U.Va. Social Business Series to Feature Former Bangladeshi Leader

September 1, 2010 — University of Virginia students interested in social business models will have the opportunity to learn from the leaders in the field during a five-week film and speaker series, culminating with a talk by the man credited with overseeing the most successful elections in Bangladesh's history.

U.Va.'s chapter of Machik, a national non-profit organization that works to develop new opportunities for education, capacity-building and innovation in the Tibetan plateau, is cosponsoring the event with the student group Social Entrepreneurs for Economic Development, or SEED.

Series organizer Yuang Shao said Machik selected the films because they enable viewers to come "face to face" with the founders of some of the world's most successful social businesses – "social entrepreneurs who started out just like young men or women like us," she said.

Social businesses have a social objective, like providing health care for the poor, and investors do not expect any personal gain through the operation of their businesses.

The series features four films and two speakers. It kicks off Sept. 8 at 7:30 p.m. in room 410 of Rouss Hall with the screening of "Entrepreneur for Society," in which Bill Drayton, the founder of Ashoka, talks about how he decided to launch a global association of men and women seeking solutions to the world's most urgent social problems.

The following three Wednesdays, from 7:30 to 8:30 p.m., the public is invited to view films about the forming of BRAC, a development organization dedicated to alleviating poverty by empowering the poor; the founding of Grameen Bank by Nobel laureate Muhammad Yunus; and a film about the operations of BRAC. The last film will be followed by a seminar led by McIntire School of Commerce professor Brad Brown, who will discuss microfinance in social business and its pros and cons.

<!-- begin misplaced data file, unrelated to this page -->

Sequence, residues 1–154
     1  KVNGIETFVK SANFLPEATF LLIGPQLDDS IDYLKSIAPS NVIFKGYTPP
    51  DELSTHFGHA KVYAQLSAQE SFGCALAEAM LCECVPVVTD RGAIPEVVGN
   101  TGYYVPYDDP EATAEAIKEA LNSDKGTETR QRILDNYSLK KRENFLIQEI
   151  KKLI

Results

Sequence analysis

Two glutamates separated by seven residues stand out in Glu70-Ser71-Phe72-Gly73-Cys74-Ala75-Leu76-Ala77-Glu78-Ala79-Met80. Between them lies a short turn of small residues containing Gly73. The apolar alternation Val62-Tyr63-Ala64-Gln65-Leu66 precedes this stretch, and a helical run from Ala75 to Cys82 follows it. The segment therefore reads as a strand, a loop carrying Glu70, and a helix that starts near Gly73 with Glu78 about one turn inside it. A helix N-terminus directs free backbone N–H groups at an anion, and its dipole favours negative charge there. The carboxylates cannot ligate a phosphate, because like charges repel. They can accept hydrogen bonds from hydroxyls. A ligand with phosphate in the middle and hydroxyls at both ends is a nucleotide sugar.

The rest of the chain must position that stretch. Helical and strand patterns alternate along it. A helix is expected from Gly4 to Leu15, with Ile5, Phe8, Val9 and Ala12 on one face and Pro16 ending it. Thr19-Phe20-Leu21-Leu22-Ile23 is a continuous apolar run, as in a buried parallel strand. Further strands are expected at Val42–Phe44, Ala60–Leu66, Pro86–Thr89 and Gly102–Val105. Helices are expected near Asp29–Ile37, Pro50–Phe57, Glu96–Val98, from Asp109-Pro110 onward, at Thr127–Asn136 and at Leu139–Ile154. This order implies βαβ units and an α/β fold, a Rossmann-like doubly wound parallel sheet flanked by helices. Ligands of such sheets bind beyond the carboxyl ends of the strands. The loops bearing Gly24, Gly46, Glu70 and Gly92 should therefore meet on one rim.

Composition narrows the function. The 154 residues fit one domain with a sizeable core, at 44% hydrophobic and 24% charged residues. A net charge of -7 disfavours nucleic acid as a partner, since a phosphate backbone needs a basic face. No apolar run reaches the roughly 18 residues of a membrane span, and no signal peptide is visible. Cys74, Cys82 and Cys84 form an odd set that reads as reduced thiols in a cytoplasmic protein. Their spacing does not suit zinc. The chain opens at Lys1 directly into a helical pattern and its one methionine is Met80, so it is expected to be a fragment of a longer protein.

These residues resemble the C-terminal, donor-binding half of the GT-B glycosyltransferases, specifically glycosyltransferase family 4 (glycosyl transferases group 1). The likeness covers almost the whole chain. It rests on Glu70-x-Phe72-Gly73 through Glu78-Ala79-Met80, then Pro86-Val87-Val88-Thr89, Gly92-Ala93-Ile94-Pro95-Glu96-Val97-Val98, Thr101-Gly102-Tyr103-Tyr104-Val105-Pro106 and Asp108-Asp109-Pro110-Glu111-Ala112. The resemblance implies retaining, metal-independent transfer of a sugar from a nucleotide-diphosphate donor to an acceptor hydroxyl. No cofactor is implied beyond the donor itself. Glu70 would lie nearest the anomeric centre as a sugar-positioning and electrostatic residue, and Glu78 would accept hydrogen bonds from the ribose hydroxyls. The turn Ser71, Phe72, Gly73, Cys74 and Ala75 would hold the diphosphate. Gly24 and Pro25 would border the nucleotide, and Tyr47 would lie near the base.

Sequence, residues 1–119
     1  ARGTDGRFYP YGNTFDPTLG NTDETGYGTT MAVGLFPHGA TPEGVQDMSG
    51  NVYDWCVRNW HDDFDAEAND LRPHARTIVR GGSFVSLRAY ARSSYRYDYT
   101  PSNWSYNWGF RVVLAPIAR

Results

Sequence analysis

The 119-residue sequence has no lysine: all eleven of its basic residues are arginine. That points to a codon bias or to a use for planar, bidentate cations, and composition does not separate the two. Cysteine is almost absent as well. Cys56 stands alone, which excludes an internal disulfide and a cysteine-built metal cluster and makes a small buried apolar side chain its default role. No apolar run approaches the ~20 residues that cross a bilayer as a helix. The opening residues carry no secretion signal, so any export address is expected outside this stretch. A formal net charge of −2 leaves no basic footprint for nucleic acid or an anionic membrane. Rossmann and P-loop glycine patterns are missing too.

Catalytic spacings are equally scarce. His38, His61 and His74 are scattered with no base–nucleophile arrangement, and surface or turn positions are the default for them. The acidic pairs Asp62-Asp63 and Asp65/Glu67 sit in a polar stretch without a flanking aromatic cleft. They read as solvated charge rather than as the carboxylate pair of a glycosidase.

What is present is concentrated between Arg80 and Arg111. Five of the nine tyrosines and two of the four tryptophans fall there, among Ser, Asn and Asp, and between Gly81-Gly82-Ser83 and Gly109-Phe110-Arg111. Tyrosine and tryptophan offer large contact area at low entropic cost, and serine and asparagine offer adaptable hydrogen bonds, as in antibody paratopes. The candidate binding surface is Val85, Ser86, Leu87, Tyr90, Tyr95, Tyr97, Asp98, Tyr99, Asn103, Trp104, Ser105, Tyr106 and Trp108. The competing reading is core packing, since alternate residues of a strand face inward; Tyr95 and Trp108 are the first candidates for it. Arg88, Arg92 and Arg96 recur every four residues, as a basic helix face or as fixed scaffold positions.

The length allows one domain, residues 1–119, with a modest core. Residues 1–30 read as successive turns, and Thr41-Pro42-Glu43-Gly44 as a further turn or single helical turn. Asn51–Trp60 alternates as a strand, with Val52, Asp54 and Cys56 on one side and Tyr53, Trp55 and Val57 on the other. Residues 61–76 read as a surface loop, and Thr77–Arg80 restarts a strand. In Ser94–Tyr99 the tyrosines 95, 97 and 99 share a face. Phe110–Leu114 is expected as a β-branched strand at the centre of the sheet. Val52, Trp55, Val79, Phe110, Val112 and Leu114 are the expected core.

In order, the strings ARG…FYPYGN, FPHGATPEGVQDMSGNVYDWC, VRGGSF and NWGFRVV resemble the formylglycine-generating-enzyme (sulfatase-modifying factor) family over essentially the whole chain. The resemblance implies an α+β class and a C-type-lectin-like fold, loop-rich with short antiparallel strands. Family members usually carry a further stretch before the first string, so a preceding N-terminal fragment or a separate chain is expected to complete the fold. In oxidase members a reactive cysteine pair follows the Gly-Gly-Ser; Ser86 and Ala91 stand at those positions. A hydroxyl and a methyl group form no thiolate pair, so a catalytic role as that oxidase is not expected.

The final event of the series is an Oct. 6 speech by Fakhruddin Ahmed, who in addition to leading Bangladesh's government from January 2007 to December 2008, has a solid history in microfinance.

Prior to his appointment as government caretaker, Ahmed served as managing director of Palli Karma-Sahayak Foundation from June 2005 to January 2007. PKSF provides financial and institution-building assistance to more than 200 microfinance institutions. 

Ahmed is a distinguished visiting scholar at U.Va.'s Center for International Studies.

-- by Jane Kelly